The barrel 50 is provided with an end piston 51 which is acted on by gas pressure from a gas generator as previously described. An internal piston 52 initially divides the interior of syringe barrel 50 into a diluent compartment 53 and a drug compartment 54. The internal bore of the syringe barrel 50 is greater in the drug compartment 54 than in the diluent compartment 53. Thus, while internal piston 52 makes a sealed sliding fit with the narrower bore, it becomes loose in the wider bore of the drug compartment. Alternatively, the barrel could be of a constant diameter with a channel along part of the interior surface providing a pathway for the diluent. A lyophilised drug 55 is provided in the drug compartment together with a quantity of entrapped air. Diluent compartment 53 is entirely filled with liquid diluent 56 suitable to reconstitute the drug 55.
When gas generation begins, the pressure acting on end piston 51 is transmitted through the diluent 56 to push internal piston 52 towards drug compartment 54. Continued gas generation pushes internal piston 52 entirely into drug compartment 54 (FIG. 21) and allows the ingress of diluent 56 into drug compartment 54 where the diluent reconstitutes the drug into solution. Continued pressure on end piston 51 forces the reconstituted drug solution out through the needle 17 to the subject for delivery as previously described.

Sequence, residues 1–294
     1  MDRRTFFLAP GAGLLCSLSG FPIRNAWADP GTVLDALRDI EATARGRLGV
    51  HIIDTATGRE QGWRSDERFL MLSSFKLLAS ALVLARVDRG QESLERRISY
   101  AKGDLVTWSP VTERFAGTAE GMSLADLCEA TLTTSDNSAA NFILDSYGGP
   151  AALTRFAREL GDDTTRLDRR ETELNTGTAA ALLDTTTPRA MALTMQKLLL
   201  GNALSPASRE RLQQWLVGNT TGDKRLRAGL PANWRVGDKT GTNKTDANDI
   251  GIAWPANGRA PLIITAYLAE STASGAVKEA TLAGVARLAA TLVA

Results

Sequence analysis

Although a certain amount of air is pushed through needle 17 ahead of the drug solution, the amount involved will not have any adverse effect if delivery is subcutaneous. The design of the device can also be optimised to minimise or eliminate air from being delivered. Delivery of drug continues until the position shown in FIG. 22 is reached, wherein end piston 51 and internal piston 52 have travelled the maximum distance and substantially all drug has been delivered.
It should be noted that the barrel 50 and pistons 51,52 are shaped such that gas cannot be pumped to the patient after delivery of the drug is completed.
FIG. 23 shows a further feature which may be incorporated into devices according to the invention. A travel limiting mechanism is provided to limit the maximum amount of travel of a piston 14 along the length of a syringe barrel 12. The travel limiting mechanism comprises an adjustable length of fish line 60 connected at one end 61 thereof to the piston 14 and at the other end 62 thereof (FIG. 24) to length adjustment means in the form of a knurled wheel 63 which can be rotated to shorten or lengthen the line 60. The line can provide from 100% travel down to 70% travel depending on the setting of the wheel 63. The wheel may be adjustable by the patient or it may be designed to prevent patient tampering and to allow only a physician or pharmacist to make adjustments.